The designer of the Broadway set was the first American to receive placental cell treatment for coronavirus | Instant News


The highly regarded Broadway set designer who spent five weeks in a medically induced coma after contracting COVID-19 made history as the first American to undertake pioneering care with cells from the placenta.

Edward Pierce, 49, is recovering at home after 46 days being treated at the Holy Name Medical Center in Teaneck, New Jersey, where doctors said he was suffering from organ failure.

Pierce, a partner stage designer for the original Broadway production of Wicked whose other income was Angels in America, Billy Elliott, Amazing Grace, and Bright Star, fell ill around March 9, when the pandemic struck the United States.

Edward Pierce, 49, can be seen above after being discharged from the Holy Medical Medical Center in Teaneck, New Jersey on May 1. He is seen on the left with his wife, Pixie

Pierce spent almost seven weeks in the hospital. His condition deteriorated to the point where he suffered organ failure

Pierce spent almost seven weeks in the hospital. His condition deteriorated to the point where he suffered organ failure

Pierce spent almost seven weeks in the hospital. His condition deteriorated to the point where he suffered organ failure

At first he thought he had the flu, so his doctor prescribed some medicine and told him to stay at home.

However, his condition did not improve and he was hospitalized.

“My oxygen level is very low,” Pierce said.

“They immediately accepted me. This trip is truly extraordinary. ‘

Four days after he was treated, doctors used Pierce on a ventilator.

At some point during his stay, the doctor must restart Pierce’s heart, which stops for about 15 seconds after removing the breathing tube.

“I’m very scared,” Pierce said the Daily Beast.

“I don’t like having no control over what is happening.

“[My wife] Pixie was with me until the doctor put on a mask on my face and asked me to count down from 10.

“I’m pretty sure he said he loved me and I told him.

Pierce is a partner stage designer for the original Broadway production of Wicked, whose other credits are Angels in America, Billy Elliott, Amazing Grace, and Bright Star. The picture above shows Wicked's performance in October 2013 at the Gershwin Theater in New York

Pierce is a partner stage designer for the original Broadway production of Wicked, whose other credits are Angels in America, Billy Elliott, Amazing Grace, and Bright Star. The picture above shows Wicked's performance in October 2013 at the Gershwin Theater in New York

Pierce is a partner stage designer for the original Broadway production of Wicked, whose other credits are Angels in America, Billy Elliott, Amazing Grace, and Bright Star. The picture above shows Wicked’s performance in October 2013 at the Gershwin Theater in New York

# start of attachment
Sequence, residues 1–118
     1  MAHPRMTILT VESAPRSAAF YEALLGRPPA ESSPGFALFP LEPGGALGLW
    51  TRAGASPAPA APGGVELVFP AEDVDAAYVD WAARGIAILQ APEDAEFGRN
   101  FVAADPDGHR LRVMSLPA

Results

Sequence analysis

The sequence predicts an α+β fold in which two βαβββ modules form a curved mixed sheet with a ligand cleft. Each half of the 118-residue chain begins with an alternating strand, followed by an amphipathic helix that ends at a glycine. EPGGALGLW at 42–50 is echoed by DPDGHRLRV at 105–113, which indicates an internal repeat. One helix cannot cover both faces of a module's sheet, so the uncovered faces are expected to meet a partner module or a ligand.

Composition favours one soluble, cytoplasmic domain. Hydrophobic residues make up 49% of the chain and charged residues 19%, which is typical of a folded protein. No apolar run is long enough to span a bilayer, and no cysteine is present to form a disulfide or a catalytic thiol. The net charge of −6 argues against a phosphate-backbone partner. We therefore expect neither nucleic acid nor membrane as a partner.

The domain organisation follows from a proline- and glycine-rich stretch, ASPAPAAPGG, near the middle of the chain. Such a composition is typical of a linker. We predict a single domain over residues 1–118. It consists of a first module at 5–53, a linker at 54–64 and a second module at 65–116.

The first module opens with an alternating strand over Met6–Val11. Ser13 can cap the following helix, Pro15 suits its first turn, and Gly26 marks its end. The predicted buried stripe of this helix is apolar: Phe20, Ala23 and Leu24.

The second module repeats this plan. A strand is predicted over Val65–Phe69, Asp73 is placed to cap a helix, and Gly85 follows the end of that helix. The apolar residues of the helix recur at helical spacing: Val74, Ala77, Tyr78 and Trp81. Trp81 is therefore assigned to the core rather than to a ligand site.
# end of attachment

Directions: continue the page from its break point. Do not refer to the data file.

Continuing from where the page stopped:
“Those are my last words.”

Pierce continued, “The next thing I knew was that I was awake and five weeks later.

“What happened in five weeks without me realizing it was a step forward, two steps back, treatment failed, my lungs didn’t wake up, they tried me in a new position to cleanse my lungs. me

“I have pneumonia. I suffer from kidney failure.

“There is talk of dialysis, but fortunately I don’t need to do it.

“I had a staph infection for so long because the snakes were in my throat, and there was a time when I pulled my breathing tube in frustration, even though I was completely numb.

My heart stopped beating for 15 seconds. They must restart it. ‘

His wife, Pixie, began to think about what life would be like if her husband were unsuccessful.

He said he received regular updates from the doctor.

“I’m waiting for a call from the hospital,” he said.

“Sometimes the news is good, sometimes it’s not so good.”

Pixie said the doctors who treated her husband ran out of choices.

So they asked him to allow untested treatments that involved extracting stem cells from the human placenta.

Pierce was the first American to receive a potential breakthrough treatment with cells extracted from the placenta. The picture above is a stock photo of a placenta that was recently removed after a cesarean section in an Indian hospital

Pierce was the first American to receive a potential breakthrough treatment with cells extracted from the placenta. The picture above is a stock photo of a placenta that was recently removed after a cesarean section in an Indian hospital

Pierce was the first American to receive a potential breakthrough treatment with cells extracted from the placenta. The picture above is a stock photo of a placenta that was recently removed after a cesarean section in an Indian hospital

This treatment was developed by an Israeli company, Pluristem Therapeutics, which says seventy-five percent of COVID-19 patients who receive placental cells have been removed from respirators, according to The Jerusalem Post.

The company is authorized by the Food and Drug Administration to offer case-by-case care to patients who use ‘compassionate use’.

Loving use is the use of a new treatment that is not approved for critically ill patients whose condition has not improved after exhausting other choices.

“I know some people will have problems using placental cells,” said his wife, Pixie.

“I would say yes to whatever they want to try. This is the best opportunity.

“Actually it was a ‘Hail Mary’ treatment for him. He is not healthy.

“They don’t know what they can do for him.”

After authorizing the treatment, Pierce received large fresh placental cell injections in about 15 locations on his body.

Doctors have used fresh placenta brought to New Jersey the same day after a woman in Maryland gave birth.

Proposed treatments include the administration of intramuscular company PLX-PAD, which uses cells from the placenta, for severe pneumonia due to COVID-19 and prevents patients from worsening towards Acute Respiratory Distress Syndrome (ARDS) and sepsis.

In a relatively short period of time, Pierce’s condition began to improve.

Within 10 days, he was released from the ventilator and started breathing on his own.

The doctor also began to gradually get rid of him from the sedative. Three days after Pierce woke up, all of his breathing tubes, feeding tubes and catheters had been removed.

Pierce then received physiotherapy and speech therapy. He also began to eat well.

On May 1, he was released from hospital after nearly seven weeks of treatment.

Pierce was then sent to a rehabilitation center to rebuild his unused muscles and regain strength.